Back to Naples Preschools

Cedar Montessori School

10904 Winterview Dr
Naples, FL 34109-1555

(239) 597-7190


2 parents took the survey TAKE THE SURVEY

Philosophy & Approach

School Philosophy

General Approach to Learning: Montessori

Day in the Life

General School Mission

"Parents should understand that a Montessori school is neither a babysitting service nor a play school that prepares the child for traditional schooling. Rather, it is a unique cycle of learning designed to take advantage of the child's sensitive years, where she can absorb information from an enriched environment. A child who acquires the basic skills of reading and mathematics in this natural way has the advantage of beginning her education without drudgery, boredom, or discouragement. By pursuing her individual interests in a Montessori classroom, she gains an early enthusiasm for learning, which is the key to becoming a truly educated person. A child who misses the early years and/or leaves before completion of the Kindergarten year will not receive the optimum benefits and results from this program.
The basic idea in the Montessori philosophy of education is that every child carries unseen within himself or herself the man or woman he or she will become. In order to develop his physical, intellectual, and spiritual powers to the fullest, he must have freedom -- freedom to be achieved through order and self-discipline. The world of the child is full of sights and sounds which at first appear to be chaotic. From this chaos, the child must gradually create order and learn to distinguish among the impressions that assail his senses. Slowly but surely, he gains mastery of himself and his environment.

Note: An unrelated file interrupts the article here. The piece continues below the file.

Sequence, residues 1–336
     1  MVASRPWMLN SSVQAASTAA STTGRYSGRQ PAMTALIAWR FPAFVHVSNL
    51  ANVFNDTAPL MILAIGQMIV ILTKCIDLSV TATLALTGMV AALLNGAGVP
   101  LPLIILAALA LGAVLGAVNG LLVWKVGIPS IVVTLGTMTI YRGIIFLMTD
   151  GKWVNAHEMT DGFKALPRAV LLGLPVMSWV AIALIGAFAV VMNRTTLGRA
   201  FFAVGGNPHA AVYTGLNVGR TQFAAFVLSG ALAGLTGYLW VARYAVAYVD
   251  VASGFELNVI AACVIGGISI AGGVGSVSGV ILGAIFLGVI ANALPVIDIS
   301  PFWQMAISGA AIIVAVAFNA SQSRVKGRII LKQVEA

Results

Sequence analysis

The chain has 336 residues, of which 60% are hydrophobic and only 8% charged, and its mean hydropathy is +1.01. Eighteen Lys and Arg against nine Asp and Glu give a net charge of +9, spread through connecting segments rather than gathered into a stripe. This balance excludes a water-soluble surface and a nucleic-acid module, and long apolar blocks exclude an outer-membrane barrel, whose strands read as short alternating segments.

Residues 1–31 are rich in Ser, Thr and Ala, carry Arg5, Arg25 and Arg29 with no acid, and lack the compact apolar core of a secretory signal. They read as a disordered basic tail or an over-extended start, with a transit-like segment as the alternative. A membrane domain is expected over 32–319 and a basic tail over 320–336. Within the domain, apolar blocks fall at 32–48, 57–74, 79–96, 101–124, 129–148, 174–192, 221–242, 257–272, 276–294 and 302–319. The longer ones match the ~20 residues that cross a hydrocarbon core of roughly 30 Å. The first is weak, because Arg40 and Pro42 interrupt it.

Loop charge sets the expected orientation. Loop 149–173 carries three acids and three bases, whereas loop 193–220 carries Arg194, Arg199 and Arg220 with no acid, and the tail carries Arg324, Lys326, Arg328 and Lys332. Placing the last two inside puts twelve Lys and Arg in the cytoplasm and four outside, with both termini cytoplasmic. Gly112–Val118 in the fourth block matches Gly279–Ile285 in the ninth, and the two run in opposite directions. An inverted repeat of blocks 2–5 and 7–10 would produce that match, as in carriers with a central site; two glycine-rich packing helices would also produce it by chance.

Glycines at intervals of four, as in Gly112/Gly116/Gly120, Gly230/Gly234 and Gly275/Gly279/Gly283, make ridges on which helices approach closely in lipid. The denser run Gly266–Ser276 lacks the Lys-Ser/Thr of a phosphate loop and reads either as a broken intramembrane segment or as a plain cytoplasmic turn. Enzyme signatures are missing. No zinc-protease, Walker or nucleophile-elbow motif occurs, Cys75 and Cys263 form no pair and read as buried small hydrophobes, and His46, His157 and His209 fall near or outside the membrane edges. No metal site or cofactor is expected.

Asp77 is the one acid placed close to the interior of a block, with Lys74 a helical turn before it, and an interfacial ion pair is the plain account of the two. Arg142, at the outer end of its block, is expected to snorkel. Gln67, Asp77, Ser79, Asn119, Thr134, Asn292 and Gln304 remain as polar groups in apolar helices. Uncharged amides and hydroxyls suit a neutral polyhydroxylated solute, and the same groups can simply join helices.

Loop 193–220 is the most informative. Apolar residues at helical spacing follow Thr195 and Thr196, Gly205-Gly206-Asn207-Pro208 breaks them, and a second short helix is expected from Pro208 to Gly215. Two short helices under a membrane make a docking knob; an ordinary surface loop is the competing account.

Dr. Maria Montessori developed what she called the "prepared environment," which already possesses a certain order and which disposed the child to develop at her own speed, according to her capacities. "Never let the child risk failure until he has a reasonable chance for success," said Dr. Montessori, understanding the necessity for the acquisition of a basic skill before its use in a competitive learning situation. The structure of Montessori learning involves the use of many materials with which the child may work individually. At every step of her learning, the teaching material is designed to test his understanding and to correct his errors.
The teacher prepares the environment, directs the activity, functions as a reference person and a role model, offers the child stimulation; but it is the child who learns, who is motivated through the work itself, to persist in her chosen task. If the Montessori child is free to learn, it is because he has acquired from his exposure to both physical and mental order, an "inner discipline." This is the core of Dr. Montessori's educational philosophy. School adjustment, though it may be a necessary condition for learning in a school room, is not the purpose of education. Patterns of concentration, "stick-to-it-ness," and thoroughness established in early childhood produce a confident learner in later years. "
Excerpted from the preschool's website

Home-School Connection

Parents Say They are Encouraged to:

  • Hold social events at the school to build community
  • Fundraise
  • Are required to make donations ourselves
  • Are able to visit the school anytime we want
  • Go on field trips
  • Volunteer in the classroom
  • Receive newsletters

Modes of Communication

  • Notes
  • Phone Calls
  • Voice Mail
  • Email
  • Special Meetings
  • Two or More Regular Conferences
  • Regular newsletter/printed updates circulated to the whole school